deal. I had been a little bit acquainted of this your broadcast provided bright clear idea

my blog post - visit

Anonymous said...

hey there and thank you for your info – I have certainly picked up something
new from right here. I did however expertise some technical issues using this web site, as I experienced to
reload the web site a lot of times previous to I could get it to load properly.
I had been wondering if your hosting is OK? Not
that I am complaining, but sluggish loading instances times will very
frequently affect your placement in google and could
damage your high-quality score if advertising and marketing with Adwords.
Anyway I am adding this RSS to my email and can look out for
much more of your respective exciting content. Ensure that you update this again very soon.

Review my website: Female Masturbating clips

Anonymous said...

Wow, this piece of writing is nice, my sister is analyzing these kinds of things,
therefore I am going to convey her.

Feel free to surf to my homepage :: kiwibox.com

Anonymous said...

I know this if off topic but I'm looking into starting my own weblog and was wondering what all is required to get setup? I'm assuming having a blog like yours would
cost a pretty penny? I'm not very web smart so I'm not
100% certain. Any suggestions or advice would be greatly appreciated. Many thanks

Have a look at my web site: official website

Anonymous said...

Amazing issues here. I am very happy to look your post.
Thank you so much and I am looking ahead to contact you.
Will you please drop me a e-mail?

Also visit my weblog more helpful hints

Anonymous said...

Hi there Dear, are you really visiting this website on a
regular basis, if so afterward you will without doubt take fastidious know-how.

Feel free to visit my web-site ... www.23hq.com

Anonymous said...

I was able to find good info from your blog articles.

Also visit my blog post ... http://pornharvest.com/index.php?m=2718881

Anonymous said...

Wow, this article is pleasant, my younger sister is analyzing such things, therefore I am going
to let know her.

Check out my web-site http://pornharvest.Com/index.php?m=2517678

Anonymous said...

Every weekend i used to pay a quick visit this web page, for
the reason that i want enjoyment, as this this
web site conations really fastidious funny stuff too.

Take a look at my web site; visit website

Anonymous said...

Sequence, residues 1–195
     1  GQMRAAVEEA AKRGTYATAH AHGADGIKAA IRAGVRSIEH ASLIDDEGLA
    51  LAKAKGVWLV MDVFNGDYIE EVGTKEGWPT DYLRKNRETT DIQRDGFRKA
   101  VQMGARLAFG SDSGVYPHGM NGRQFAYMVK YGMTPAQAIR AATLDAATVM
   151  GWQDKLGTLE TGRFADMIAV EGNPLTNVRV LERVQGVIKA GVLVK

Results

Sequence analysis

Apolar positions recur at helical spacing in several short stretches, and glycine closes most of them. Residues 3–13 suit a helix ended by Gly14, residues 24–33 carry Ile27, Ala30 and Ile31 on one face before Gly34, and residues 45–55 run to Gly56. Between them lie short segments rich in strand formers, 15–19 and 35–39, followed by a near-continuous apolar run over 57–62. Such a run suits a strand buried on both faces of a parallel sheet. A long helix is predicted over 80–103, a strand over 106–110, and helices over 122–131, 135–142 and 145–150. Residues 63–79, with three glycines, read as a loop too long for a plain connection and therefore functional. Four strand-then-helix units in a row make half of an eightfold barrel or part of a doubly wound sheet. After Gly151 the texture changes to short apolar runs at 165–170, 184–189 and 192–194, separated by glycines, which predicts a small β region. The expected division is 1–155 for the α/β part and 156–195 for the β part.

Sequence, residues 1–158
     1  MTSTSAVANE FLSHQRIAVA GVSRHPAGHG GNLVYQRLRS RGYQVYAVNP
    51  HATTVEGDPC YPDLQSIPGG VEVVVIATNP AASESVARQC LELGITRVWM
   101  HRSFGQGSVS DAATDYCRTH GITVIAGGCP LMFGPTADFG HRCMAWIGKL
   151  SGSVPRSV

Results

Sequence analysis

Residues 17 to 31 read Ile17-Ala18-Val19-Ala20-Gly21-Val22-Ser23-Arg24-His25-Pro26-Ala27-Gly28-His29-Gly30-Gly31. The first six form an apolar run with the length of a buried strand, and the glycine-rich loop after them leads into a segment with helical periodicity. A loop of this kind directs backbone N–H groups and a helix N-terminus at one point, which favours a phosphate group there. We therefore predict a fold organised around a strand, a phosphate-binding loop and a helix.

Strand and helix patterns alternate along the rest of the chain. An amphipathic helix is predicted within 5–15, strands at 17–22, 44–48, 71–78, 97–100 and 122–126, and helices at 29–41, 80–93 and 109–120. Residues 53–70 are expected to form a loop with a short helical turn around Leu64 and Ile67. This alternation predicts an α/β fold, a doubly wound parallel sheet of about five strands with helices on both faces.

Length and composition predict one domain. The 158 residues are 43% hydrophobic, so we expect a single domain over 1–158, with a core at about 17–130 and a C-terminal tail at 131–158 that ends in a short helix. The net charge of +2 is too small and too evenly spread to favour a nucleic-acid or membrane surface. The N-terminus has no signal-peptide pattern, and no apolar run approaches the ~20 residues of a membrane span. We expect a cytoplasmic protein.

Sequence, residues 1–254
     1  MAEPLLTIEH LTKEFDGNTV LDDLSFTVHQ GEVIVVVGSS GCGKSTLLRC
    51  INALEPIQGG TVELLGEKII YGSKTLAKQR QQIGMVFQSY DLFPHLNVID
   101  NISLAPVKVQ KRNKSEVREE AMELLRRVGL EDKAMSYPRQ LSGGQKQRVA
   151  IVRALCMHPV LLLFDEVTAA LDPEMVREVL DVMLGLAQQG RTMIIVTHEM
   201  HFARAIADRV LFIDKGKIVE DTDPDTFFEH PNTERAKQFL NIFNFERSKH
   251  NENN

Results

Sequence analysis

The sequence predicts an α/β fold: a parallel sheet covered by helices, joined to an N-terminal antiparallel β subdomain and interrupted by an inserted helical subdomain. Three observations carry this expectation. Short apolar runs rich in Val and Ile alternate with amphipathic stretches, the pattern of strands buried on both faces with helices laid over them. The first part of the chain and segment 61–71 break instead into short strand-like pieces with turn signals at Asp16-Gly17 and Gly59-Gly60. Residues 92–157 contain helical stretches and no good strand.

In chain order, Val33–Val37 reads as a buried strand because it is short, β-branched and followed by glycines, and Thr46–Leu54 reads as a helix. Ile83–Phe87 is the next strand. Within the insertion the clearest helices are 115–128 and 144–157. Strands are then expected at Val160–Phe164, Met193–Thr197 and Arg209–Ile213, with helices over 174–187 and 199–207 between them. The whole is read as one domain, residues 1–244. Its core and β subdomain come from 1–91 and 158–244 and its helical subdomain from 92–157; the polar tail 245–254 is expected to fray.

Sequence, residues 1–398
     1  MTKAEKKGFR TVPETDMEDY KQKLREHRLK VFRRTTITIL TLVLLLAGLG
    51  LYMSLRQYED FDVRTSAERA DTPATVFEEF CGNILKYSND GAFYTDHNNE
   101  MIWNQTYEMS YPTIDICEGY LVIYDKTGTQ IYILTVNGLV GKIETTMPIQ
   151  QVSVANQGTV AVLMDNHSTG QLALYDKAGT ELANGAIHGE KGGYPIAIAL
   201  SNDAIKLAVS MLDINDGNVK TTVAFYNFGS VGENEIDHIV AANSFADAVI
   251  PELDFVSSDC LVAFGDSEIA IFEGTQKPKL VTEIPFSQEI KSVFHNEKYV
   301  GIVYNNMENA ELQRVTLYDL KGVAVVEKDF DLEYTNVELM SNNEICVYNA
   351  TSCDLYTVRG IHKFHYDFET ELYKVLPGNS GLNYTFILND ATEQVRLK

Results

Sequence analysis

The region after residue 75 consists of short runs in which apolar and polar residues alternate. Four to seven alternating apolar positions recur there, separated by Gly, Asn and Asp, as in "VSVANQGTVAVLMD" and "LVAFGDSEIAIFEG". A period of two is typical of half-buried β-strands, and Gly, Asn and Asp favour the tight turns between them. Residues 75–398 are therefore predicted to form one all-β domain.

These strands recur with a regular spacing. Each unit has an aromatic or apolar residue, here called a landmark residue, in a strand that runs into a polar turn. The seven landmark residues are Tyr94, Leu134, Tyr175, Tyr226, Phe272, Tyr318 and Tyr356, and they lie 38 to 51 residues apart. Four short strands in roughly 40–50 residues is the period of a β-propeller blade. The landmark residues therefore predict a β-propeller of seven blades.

We stumbled over here from a different website and thought I may as well check
things out. I like what I see so now i'm following you. Look forward to finding out about your web page for a second time.

My homepage; http://pornharvest.com/index.php?m=2339624

Anonymous said...

Yes! Finally something about texas 3a football playoffs 2012.

Here is my web-site :: more

Anonymous said...

Heya i am for the first time here. I found this board
and I find It truly useful & it helped me out much. I hope to give something back and
help others like you helped me.

My blog post: if you want big boobies then you want jenna doll the only thing that can

Anonymous said...

It's actually a great and helpful piece of info. I am satisfied that you just shared this helpful info with us. Please keep us up to date like this. Thanks for sharing.

my web site Watch this teenage female describe her profession because A chat host

Anonymous said...

Everyone loves what you guys are usually up too. This kind of clever
work and coverage! Keep up the amazing works guys I've included you guys to blogroll.


Here is my web blog :: payday loans online

Anonymous said...

Everyone loves what you guys are usually up too. This kind of clever work and coverage!
Keep up the amazing works guys I've included you guys to blogroll.


Feel free to visit my page ... payday loans online

Anonymous said...

I always used to study article in news papers but now as I
am a user of web thus from now I am using net for articles, thanks to

Feel free to surf to my blog post visit website

Anonymous said...

I've been surfing online more than 2 hours today, yet I never found any interesting article like yours. It's pretty
worth enough for me. In my opinion, if all webmasters and
bloggers made good content as you did, the net will be a lot
more useful than ever before.

Look at my web page ... http://chatclimax.com/

Sheamus Warior said...

It’s amazing in support of me to truly have a web site that is valuable meant for my knowledge.

Anonymous said...

electronic cigarette brands, electronic cigarettes, electronic cigarettes, best electronic cigarette, ecig, ecigs

Richard german said...

It's been good to see your blog when I always look for such type of blogs. It’s great to discover the post here. here